The most amazing consequence of my trip to the United States is that despite eating loads of bacon, waffles and beef burgers and doing no exercise I have somehow come back lighter than when I set off. I had a feeling that most of the food I ate had little nutritional value and was mainly made of sugar and salt, but maybe it was empty of calories too.
So the fat people in America must be the ones who eat healthily. It really is the Twilight Zone out there.
After a difficult night with Phoebe thinking it was time to wake up at midnight and then wanting to play for four hours, I slept in a bit in the morning, but I had to get up to go in for a meeting with potential producers for my new Radio 4 sitcom, “Relativity”. How I had been so stupid as to arrange an important thing like this on the day after I got back from holiday and was going to befuddled and not know up from down? I was running slightly late and clammy and thirsty from the humidity and jet lag, but I got lucky with a bus arriving at the exact right time and was only ten minutes overdue.
It turned out though that I was actually 6 days, 23 hours and 50 minutes early as the meeting was actually next Thursday. Of course I hadn’t arranged a meeting so close to my holiday. I knew I wasn’t that stupid.
I felt less embarrassed than I should have done. But I had jet lag to blame and at least this had got me out of bed.
I had hoped to make a start on the first AIOTM studio script today, as it’s terrifyingly only just over a fortnight away (though I stay true to the spirit of the original I won’t start any work until September 10th), but being prepared was never in the original ethos was it? At the moment we don’t have a script or a set and we’ve got quite a few tickets to sell. But build it and they will come. That’s apparently a guarantee. To be fair, my trip to America has given me quite a lot to talk about. I am wondering whether if I start writing now I might have enough material for a short audio version and a longer video one. We will see.
I am sure there will be stuff on the night that doesn’t make it into either and the more people who come to see the show live, the more sketches we can film - so book here if you want to be part of the coolest bunch of nerds in London town.
Instead I did some chores. It’s sort of fun doing a supermarket shop through the fug and confusion of jet lag. I think our trolley probably ended up looking like the bizarre collection of items you’d get on Supermarket Sweep. We were both parched and so bought some drinks which we drank as we shopped. We wondered if someone might swoop down and arrest us even though we intended to pay for the drinks at the checkout. Given my many successful shoplifting campaigns over the years, (for which I have never got caught and which I like to taunt the authorities with in blog and radio form) it would have been ironic to have been arrested for something that was not an intended theft. It added a frisson to the shop. But when we got to the checkout the man happily scanned through our empty bottles and threw them away, so we weren’t the only ones who have done this.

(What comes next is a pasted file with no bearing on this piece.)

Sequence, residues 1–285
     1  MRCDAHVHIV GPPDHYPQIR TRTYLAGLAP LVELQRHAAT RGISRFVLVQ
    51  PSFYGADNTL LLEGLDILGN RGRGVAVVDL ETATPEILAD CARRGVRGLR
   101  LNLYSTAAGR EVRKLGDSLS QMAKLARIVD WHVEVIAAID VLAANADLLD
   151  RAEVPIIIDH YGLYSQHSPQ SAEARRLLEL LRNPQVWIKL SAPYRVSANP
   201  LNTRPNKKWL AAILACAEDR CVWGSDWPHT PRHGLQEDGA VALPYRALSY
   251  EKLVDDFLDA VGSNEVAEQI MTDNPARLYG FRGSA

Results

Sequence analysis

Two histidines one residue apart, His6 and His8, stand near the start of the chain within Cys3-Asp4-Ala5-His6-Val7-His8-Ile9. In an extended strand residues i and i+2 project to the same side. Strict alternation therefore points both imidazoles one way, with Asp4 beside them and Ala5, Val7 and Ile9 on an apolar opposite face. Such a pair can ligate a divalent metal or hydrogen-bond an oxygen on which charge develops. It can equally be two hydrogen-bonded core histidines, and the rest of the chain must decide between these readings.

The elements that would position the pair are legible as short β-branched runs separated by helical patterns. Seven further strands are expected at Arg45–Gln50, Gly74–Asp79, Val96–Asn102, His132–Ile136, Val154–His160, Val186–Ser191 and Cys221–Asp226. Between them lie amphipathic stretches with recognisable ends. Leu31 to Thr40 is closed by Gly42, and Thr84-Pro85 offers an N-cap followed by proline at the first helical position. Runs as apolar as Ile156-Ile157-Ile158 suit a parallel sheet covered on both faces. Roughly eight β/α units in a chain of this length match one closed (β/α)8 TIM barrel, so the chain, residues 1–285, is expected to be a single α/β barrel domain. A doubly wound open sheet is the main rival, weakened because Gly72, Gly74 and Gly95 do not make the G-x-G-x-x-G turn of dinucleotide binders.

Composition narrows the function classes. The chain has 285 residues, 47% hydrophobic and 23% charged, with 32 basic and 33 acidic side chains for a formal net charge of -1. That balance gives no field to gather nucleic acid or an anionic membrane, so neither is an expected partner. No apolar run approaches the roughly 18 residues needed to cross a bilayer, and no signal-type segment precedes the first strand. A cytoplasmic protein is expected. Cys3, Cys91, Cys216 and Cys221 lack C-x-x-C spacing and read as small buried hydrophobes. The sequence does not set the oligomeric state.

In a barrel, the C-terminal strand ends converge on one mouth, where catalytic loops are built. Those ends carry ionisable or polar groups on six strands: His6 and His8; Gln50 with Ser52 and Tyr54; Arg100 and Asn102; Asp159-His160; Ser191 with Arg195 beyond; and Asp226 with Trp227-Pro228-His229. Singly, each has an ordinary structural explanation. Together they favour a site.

Actually I was once caught for shoplifting and it was an another occasion when I wasn’t actually really doing it. I was 17 and a very good boy, who would never consider stealing anything (except for the occasional 50p from my mum’s purse or a Trio bar from the pantry but that DOES NOT COUNT). I was in the queue for the refreshment bar in our sixth form common room, when I noticed the dinner lady on duty was not really paying attention to anything. So I thought I would teach her a valuable lesson. I picked a Twix off the counter (and the fact that I chose a Twix should prove to you how unserious I was - if I was really stealing something why would I select such a mediocre bar that nobody loves or hates?) and then held it behind my back. My intention was to reveal my “theft” as I got to the head of the queue to let the woman know how cavalier she was being. But unfortunately for me, I hadn’t been that observant myself and I put it behind my back just as the head dinner lady was approaching behind me. Even though I explained what I was doing and pointed out that real shop lifters don’t just put things behind their back but into pockets or bags, she did not believe me. I can’t remember if I got into any actual trouble for it, but my dad (headmaster at the time of course) was certainly told and occasionally comments that the dinner lady in question is still certain I was a thief.
I wasn’t a thief then (family thefts aside) but I did become one later. Was it the fact that I was tarred as a shoplifter, rather than a Robin Hood style defender of the sanctity of paying at school tuck shops, that would send me plunging into the world of occasionally stealing history books and kinder eggs? After all if that’s what people said about me, what did I have to lose? No one can know for sure. Except for me. No it didn’t.
Stealing is wrong and you shouldn’t do it, as I was trying to demonstrate at the Kings of Wessex in the early 1980s. But I still occasionally do it. And the pigs (and the people who run pick n mix bars at service stations) will never catch me. And if they do I will just say I was intending to pay, but was just showing them how lax their security was. But even though that would be a lie this time, it was not a lie on the first occasion. My dad still doesn’t believe me. And I don’t think this confused confession really helps absolve me.
RHLSTP with Graham Linehan is now up (sorry for the delay) on video and audio in the usual places.